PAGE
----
Just about everyone knows that the northern mockingbird is Texas’ state bird. But there’s another bird we all know that is common throughout our state, nesting and feeding in brush and trees close to our homes and out in the pastures.
Some know it as the redbird, but it’s correctly called the northern cardinal. This strikingly colored bird is known for its happy chirping calls that can go on all day and for the beautiful crest and orange bill of the adults.
Cardinals are the first birds we hear and see hopping around in the brush outside our houses in the mornings. They are the last birds to go to bed every night, which makes them common prey for screech owls and other raptors. But if we ever get around to reconsidering Texas’ allegiance to the mockingbird, I suggest we consider the northern cardinal. After all, at least seven other states have chosen the cardinal as their own state bird.
The redbird is ubiquitous, especially in the winter since it doesn’t migrate, showing up everywhere from the border country of South Texas to the prairies of the Panhandle. All Texans know the cardinal.
Growing up in the tiny East Texas community of DeBerry in the 1950s, I spent a goodly portion of my young life walking the pastures and open fields around our house. I knocked off more than my share of sparrows, starlings and brown-headed cowbirds as an eager beaver hunter with a BB gun.
I once made a long, long shot with my pellet rifle to kill what we called a French mockingbird. I know that bird now as the shrike, or butcher bird, named for its habit of hanging things it chases down on mesquite thorns and sharpened spikes on barbed wire fences.
I was not allowed, however, to shoot any of the small group of colorful songbirds that lived and nested near our home. The mockingbird was the state bird then, and I feared that could have gotten me locked up.
My dad, who established the shooting list at our house, probably would have pounded me for killing that shrike if he’d known about it. I kept that quiet. But Dad had a long list of birds with bright colors that I would have been in real trouble if I’d killed.
Cardinals were his favorites and first on his protected list, followed by blue jays, bluebirds, scissor-tailed flycatchers and the always cooperative killdeer. Dad loved the way adult killdeers would feign injury and try to lead predators away from their babies and nests.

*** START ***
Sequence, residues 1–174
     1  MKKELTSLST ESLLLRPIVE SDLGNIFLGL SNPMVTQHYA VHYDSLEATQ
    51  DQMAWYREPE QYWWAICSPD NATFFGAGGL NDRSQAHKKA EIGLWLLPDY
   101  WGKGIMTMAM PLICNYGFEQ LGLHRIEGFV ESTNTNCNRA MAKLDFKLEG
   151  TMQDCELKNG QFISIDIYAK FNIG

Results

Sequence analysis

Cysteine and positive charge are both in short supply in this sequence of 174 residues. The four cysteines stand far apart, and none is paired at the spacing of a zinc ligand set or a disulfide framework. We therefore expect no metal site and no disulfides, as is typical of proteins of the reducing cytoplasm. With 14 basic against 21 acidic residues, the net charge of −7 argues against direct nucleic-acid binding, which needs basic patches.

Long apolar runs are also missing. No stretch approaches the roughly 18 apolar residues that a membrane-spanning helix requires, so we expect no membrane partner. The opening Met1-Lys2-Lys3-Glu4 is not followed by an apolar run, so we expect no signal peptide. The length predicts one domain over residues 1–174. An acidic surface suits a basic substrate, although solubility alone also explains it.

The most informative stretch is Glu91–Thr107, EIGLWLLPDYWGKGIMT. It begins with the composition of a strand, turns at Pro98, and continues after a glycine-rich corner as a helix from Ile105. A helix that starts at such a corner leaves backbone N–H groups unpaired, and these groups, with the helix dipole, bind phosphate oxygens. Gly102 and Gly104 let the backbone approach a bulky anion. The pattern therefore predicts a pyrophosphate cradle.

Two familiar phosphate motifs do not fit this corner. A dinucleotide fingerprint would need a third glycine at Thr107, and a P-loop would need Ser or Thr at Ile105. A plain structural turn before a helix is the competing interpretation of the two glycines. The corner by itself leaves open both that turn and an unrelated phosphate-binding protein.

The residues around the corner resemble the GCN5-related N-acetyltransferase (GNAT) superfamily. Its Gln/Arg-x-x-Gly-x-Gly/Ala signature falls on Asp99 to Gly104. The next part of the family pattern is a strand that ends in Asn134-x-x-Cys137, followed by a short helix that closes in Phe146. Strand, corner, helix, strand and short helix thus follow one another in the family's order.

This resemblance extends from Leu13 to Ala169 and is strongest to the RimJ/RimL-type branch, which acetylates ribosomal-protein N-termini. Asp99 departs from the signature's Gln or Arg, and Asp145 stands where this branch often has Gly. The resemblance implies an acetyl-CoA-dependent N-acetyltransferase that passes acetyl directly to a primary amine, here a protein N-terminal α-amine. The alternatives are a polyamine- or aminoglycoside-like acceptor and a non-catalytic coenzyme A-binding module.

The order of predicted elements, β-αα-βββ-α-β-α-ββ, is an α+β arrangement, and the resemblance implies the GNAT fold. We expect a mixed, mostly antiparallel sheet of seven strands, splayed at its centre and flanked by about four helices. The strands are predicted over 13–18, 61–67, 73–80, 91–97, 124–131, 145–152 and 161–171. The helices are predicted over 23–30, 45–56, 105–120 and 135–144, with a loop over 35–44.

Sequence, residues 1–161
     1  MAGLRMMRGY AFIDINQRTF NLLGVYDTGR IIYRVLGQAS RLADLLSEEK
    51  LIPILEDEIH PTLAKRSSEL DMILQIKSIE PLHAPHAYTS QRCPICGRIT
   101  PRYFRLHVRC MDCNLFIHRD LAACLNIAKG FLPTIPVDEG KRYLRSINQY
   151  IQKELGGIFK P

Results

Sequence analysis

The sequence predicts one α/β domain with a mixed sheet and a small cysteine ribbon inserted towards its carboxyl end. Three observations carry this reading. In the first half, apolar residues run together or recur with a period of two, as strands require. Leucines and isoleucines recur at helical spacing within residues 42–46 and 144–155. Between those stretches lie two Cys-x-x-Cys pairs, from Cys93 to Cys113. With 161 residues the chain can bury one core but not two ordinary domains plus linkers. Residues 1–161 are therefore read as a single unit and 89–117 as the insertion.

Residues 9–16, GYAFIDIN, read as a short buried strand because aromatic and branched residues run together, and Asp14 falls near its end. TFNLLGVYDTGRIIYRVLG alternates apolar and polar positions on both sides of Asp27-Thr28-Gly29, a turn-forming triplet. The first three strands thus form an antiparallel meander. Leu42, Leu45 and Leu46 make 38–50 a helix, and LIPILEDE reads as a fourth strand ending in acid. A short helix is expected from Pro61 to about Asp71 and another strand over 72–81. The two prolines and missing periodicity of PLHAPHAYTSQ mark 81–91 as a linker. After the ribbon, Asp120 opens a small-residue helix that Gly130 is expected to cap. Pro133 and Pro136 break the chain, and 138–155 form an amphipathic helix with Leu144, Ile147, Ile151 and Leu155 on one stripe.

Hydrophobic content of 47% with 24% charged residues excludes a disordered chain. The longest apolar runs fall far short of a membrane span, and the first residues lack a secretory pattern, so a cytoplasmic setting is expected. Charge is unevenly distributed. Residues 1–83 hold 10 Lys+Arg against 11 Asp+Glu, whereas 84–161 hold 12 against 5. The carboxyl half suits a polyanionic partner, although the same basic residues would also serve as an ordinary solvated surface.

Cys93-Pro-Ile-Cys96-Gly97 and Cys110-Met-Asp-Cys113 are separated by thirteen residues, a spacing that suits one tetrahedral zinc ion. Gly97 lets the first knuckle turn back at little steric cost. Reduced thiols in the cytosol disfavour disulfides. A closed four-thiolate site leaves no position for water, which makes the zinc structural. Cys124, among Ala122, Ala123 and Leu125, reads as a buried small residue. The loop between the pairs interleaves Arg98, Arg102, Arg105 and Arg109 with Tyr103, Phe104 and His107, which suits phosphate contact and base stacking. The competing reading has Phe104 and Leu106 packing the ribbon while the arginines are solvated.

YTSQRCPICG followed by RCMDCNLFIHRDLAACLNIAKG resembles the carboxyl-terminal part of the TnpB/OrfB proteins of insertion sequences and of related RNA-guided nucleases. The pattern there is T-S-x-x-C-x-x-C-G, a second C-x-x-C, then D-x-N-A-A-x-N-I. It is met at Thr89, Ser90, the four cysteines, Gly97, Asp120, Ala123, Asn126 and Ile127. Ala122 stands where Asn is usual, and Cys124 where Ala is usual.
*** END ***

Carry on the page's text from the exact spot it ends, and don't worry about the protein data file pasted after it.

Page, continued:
The beloved cardinal eats mostly seeds and nests around the edges of openings in low brush, especially in the cedar trees of Central Texas. We once had a nest that was built about thigh high in a cenizo just off the front porch of our house. I watched those pinkish eggs for a couple of weeks, until they hatched into three of the ugliest pink babies you could imagine.
The babies got stronger and bigger and were just about to fledge when the nest was robbed by a Texas rat snake that had taken up residence in our flower bed. That was a sad morning when I found the nest emptied and the adults off squawking in the live oaks in the roundabout a few yards away.
There is a similar bird, actually another member of the cardinal family, known as a pyrrhuloxia. The male has a striking crest that’s larger than the cardinal’s but is colored mostly gray and crimson. They are common on ranches in South Texas during the winter. Their beaks are much more parrotlike than the cardinal’s obvious seed-cracking orange beak.
One ranch where I hunt has repurposed fiberglass water tanks buried in the ground for use as bow blinds. The rancher has piled dirt and brush on top of them and put one-way glass windows at eye level as you stand. It’s exciting to watch the male red cardinals flit through the trees as they scout for safe feeding spots on the ground.
Often they land just outside the windows where I can study them closely from just a couple feet away. It’s fascinating to watch them pick up a kernel of corn and quickly demolish it to get at the sweet meat inside. There’s comfort in that tiny, mighty act—in knowing that Texans yet to come will delight in the redbird.